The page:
GM, OTHERS TO COVER ALL THE BASES IN LINK WITH DOCUMENTARY

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The producers and supporters of "Baseball" are pursuing a marketing field of dreams.

General Motors Corp, for one, plans to heavily leverage its sponsoship of the documentary. With an educational outreach program, local promotional tie-ins and a series of magazine ads, the automaker is hoping to build the audience as well as enhance its corporate image through association with Ken Burns, the series' producer, director, co-writer and executive producer.

Mr. Burns also is looking for a marketing hit, with a book to be published by Alfred A. Knopf; a licensing agreement for historical trading cards with Upper Deck; and caps, jerseys, mugs and other "Baseball"-related merchandise to be sold through catalogs that GM will make available to its dealers. The documentary's marketing campaign also includes a home video and CD. And next spring, additional themed products will be available at such retailers as Bloomingdale's, J.C. Penney Co., Target Stores and Wal-Mart Stores.

As part of its sponsorship, GM also will get billboard credits, with the nine episodes presented as a "General Motors Mark of Excellence Presentation." The series begins Sept. 18.

"The PBS audience is largely made up of thought leaders and peer-group influencers," says Luana Floccuzio, director-advertising for GM's North American Operations. "We can't communicate directly about our products, but we can communicate our association with Ken's work." In addition to getting support from GM, the reported $7 million project received funding from private foundations, Corporation for Public Broadcasting and PBS.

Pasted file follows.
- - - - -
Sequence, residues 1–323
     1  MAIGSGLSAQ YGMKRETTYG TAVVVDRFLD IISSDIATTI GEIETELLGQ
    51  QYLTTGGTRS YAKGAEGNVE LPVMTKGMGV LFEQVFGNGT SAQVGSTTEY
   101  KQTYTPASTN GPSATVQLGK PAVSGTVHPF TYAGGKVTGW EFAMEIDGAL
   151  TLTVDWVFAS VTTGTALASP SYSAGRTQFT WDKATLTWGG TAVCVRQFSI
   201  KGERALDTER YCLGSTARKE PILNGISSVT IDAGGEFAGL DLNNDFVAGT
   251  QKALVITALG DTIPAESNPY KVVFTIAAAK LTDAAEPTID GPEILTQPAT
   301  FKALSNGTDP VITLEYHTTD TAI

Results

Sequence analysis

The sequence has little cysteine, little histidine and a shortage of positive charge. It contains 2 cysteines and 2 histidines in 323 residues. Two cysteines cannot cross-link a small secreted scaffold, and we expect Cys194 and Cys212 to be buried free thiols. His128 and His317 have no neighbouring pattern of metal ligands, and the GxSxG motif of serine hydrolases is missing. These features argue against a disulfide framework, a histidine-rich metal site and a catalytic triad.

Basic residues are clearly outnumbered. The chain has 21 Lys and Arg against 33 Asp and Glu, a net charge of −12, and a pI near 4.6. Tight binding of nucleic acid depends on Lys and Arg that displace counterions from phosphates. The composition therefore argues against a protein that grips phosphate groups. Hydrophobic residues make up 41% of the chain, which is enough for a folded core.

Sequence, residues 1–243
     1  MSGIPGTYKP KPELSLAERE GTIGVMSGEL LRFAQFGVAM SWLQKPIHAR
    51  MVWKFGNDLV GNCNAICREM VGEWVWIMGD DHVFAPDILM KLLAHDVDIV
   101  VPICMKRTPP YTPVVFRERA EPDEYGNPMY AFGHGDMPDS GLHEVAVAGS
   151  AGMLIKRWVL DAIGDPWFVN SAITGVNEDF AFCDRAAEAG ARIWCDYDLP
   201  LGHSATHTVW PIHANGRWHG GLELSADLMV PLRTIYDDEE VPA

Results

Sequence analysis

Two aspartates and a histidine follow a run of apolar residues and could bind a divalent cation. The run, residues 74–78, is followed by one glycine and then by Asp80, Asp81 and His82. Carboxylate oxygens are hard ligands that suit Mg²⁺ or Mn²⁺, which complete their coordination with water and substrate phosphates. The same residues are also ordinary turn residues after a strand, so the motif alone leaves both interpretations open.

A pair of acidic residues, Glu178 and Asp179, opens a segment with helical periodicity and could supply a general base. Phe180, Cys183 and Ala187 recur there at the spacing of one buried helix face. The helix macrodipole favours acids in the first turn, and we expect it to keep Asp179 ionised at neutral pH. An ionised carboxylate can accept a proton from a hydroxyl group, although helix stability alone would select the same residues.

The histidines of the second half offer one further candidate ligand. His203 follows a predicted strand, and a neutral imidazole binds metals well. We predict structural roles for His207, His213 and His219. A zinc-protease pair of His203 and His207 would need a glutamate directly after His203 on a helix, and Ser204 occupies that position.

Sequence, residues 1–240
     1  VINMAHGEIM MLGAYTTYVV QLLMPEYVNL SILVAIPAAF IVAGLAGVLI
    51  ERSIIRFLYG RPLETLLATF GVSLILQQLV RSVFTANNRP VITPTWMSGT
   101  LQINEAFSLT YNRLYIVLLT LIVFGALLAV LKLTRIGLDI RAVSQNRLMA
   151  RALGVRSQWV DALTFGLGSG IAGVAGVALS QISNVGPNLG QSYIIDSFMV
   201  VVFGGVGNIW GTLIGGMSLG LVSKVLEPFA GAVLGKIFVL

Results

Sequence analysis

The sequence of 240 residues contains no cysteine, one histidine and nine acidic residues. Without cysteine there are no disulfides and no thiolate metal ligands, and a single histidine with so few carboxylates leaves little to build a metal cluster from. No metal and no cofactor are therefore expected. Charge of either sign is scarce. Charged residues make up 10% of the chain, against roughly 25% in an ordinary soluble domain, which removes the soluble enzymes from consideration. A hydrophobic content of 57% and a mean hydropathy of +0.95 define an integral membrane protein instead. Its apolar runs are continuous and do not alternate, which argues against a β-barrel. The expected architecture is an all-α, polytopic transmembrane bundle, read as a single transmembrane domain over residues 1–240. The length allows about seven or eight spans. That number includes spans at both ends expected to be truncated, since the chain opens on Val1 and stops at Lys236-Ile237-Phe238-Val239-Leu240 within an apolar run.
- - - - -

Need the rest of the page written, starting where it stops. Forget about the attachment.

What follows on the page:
N W Ayer, Detroit, GM's corporate agency, has coordinated the automaker's participation. Its role includes creating ads running in Life, U.S. News and World Report, The Atlantic and Entertainment Weekly. To further promote "Baseball," GM also:

Underwrote a 30-minute PBS show, "The Making of `Baseball,"' an inside look at Mr. Burns' 3*1/2-year project, and it supported nine five-minute preview programs being distributed by National Public Radio.

Participated in Mr. Burns' publicity tour this summer.

Commissioned Lifetime Learning Systems to develop educational materials being distributed to more than 40,000 schools. The program uses baseball as a springboard for lessons in history, geography, language arts, math, science, social studies and physical education.

Sponsored an essay contest, awarding 50 students $1,000 U.S. Series EE Savings Bonds and recognizing them in the September issue of Sports Illustrated for Kids.

The association with the series also ties in neatly with GM's longtime baseball promotions. GM is the exclusive domestic auto sponsor of The Baseball Network telecasts, and its Chevrolet division has several promotions tied to the sport, including sponsorship of the World Series Most Valuable Player award.

"Baseball" originally was scheduled to coincide with the conclusion of pennant races and as a lead-in to the post-season playoffs and World Series.

"It's hard to really know what impact the strike will have on the series," Ms. Floccuzio says.

One theory is baseball-hungry fans will tune in. But there's also the possibility that anger over the strike will cool enthusiasm for anything connected to the sport. That's something GM and Mr. Burns' other supporters are betting won't happen.

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